Abstract 803: Diesel Exhaust Inhalation Enhances Thrombus Formation In Man
Background: Transient exposure to traffic-derived air pollution may be a trigger for acute myocardial infarction although the mechanism is unclear. The aim of this study was to investigate the effect of diesel exhaust inhalation on thrombus formation in man using an ex vivo model of thrombosis.
Methods and Results: In a double-blind randomized cross-over study, 20 healthy volunteers were exposed to diluted diesel exhaust (300 μg/m3) or filtered air during intermittent exercise for 1 or 2 hours. Thrombus formation, coagulation, platelet activation and inflammatory markers were measured at 2 and 6 hours after exposure. Thrombus formation was measured using the Badimon ex vivo perfusion chamber at low (212 /s) and high (1,690 /s) shear rates with porcine aortic tunica media as the thrombogenic substrate. Specimens were fixed, stained and thrombus area measured using computerized planimetry. Compared to filtered air, diesel exhaust increased thrombus formation in the low and high shear chambers by 24.2% (p<0.001) and 19.1% (p<0.001) respectively. This increased thrombogenicity was seen at two and six hours, and using two different types of diesel exposure. Although there were no effects on coagulation variables, diesel exhaust inhalation increased platelet-neutrophil (6.5% to 9.2%; P<0.05) and platelet-monocyte (21.0% to 25.0%; P<0.05) aggregates 2 hours following exposure.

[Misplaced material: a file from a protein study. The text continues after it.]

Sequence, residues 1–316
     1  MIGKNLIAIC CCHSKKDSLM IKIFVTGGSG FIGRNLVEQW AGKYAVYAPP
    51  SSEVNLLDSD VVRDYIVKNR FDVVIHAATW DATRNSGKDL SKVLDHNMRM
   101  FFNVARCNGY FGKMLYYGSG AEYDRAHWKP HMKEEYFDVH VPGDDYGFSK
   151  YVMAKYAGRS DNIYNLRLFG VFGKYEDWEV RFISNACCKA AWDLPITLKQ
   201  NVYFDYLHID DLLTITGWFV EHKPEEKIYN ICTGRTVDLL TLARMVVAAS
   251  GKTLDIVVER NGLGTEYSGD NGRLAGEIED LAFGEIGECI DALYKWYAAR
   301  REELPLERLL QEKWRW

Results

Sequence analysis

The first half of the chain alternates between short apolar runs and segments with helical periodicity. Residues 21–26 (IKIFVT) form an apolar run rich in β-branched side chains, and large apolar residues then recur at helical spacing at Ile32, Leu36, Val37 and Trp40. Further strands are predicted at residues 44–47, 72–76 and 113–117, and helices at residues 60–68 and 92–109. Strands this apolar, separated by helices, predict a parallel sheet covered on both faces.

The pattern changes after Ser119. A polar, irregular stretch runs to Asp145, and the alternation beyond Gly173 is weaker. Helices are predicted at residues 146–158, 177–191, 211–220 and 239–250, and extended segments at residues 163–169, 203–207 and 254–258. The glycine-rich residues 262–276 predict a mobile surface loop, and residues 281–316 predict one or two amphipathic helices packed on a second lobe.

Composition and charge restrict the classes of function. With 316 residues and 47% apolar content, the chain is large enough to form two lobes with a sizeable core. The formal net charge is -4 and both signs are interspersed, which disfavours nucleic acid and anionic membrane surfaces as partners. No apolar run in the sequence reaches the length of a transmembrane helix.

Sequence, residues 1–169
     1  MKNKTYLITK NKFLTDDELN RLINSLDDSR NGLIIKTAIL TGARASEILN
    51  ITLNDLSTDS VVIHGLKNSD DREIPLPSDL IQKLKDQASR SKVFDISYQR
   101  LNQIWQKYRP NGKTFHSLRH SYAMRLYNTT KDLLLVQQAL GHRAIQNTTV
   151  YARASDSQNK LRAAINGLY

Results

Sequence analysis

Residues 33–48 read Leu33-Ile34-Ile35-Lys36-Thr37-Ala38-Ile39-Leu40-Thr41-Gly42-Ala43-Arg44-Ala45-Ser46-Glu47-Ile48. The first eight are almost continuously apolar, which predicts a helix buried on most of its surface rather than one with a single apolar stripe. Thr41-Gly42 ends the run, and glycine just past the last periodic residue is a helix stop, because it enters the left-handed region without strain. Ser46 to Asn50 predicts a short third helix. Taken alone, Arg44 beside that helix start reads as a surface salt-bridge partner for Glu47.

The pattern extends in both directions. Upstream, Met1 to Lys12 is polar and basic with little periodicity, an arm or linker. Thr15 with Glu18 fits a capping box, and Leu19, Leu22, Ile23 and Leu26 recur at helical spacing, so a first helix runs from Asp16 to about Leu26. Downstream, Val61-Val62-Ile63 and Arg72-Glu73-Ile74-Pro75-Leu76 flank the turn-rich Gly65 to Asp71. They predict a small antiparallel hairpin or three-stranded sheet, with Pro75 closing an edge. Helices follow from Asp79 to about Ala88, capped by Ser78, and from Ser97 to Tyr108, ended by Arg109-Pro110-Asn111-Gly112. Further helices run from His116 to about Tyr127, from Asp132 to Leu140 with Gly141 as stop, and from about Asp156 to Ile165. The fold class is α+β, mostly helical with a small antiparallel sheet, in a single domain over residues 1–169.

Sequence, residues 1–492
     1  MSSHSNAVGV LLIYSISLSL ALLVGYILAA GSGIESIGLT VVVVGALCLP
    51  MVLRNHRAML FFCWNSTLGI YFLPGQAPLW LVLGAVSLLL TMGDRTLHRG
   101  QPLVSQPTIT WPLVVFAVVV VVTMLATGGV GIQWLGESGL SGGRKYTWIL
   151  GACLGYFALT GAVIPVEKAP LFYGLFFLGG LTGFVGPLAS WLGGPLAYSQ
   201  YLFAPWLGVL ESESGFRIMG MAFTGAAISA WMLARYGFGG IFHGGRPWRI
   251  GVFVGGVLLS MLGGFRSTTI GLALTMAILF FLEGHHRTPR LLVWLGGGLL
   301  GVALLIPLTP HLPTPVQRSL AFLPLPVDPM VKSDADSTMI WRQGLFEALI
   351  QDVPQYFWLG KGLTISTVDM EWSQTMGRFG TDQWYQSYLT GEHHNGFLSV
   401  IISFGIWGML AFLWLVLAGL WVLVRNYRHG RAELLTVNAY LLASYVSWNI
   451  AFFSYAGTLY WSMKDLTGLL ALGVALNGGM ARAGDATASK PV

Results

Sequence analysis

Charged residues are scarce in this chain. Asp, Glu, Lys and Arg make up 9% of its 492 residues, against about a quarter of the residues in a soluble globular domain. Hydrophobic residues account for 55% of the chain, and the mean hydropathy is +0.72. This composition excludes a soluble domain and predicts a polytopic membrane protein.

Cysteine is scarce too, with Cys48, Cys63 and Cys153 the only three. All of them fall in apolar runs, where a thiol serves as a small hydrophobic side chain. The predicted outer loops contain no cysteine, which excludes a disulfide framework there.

Conclusions: Inhalation of diesel exhaust increases ex vivo thrombus formation and causes platelet activation in man. These findings provide a potential mechanism that links exposure to traffic-derived air pollution with acute atherothrombotic events including acute myocardial infarction.